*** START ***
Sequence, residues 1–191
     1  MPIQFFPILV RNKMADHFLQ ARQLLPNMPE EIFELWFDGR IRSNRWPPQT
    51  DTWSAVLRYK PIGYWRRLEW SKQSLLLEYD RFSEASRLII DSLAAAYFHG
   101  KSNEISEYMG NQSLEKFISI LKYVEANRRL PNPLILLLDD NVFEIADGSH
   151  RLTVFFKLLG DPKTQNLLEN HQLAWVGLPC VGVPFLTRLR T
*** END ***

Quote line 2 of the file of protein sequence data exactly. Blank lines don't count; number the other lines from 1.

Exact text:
     1  MPIQFFPILV RNKMADHFLQ ARQLLPNMPE EIFELWFDGR IRSNRWPPQT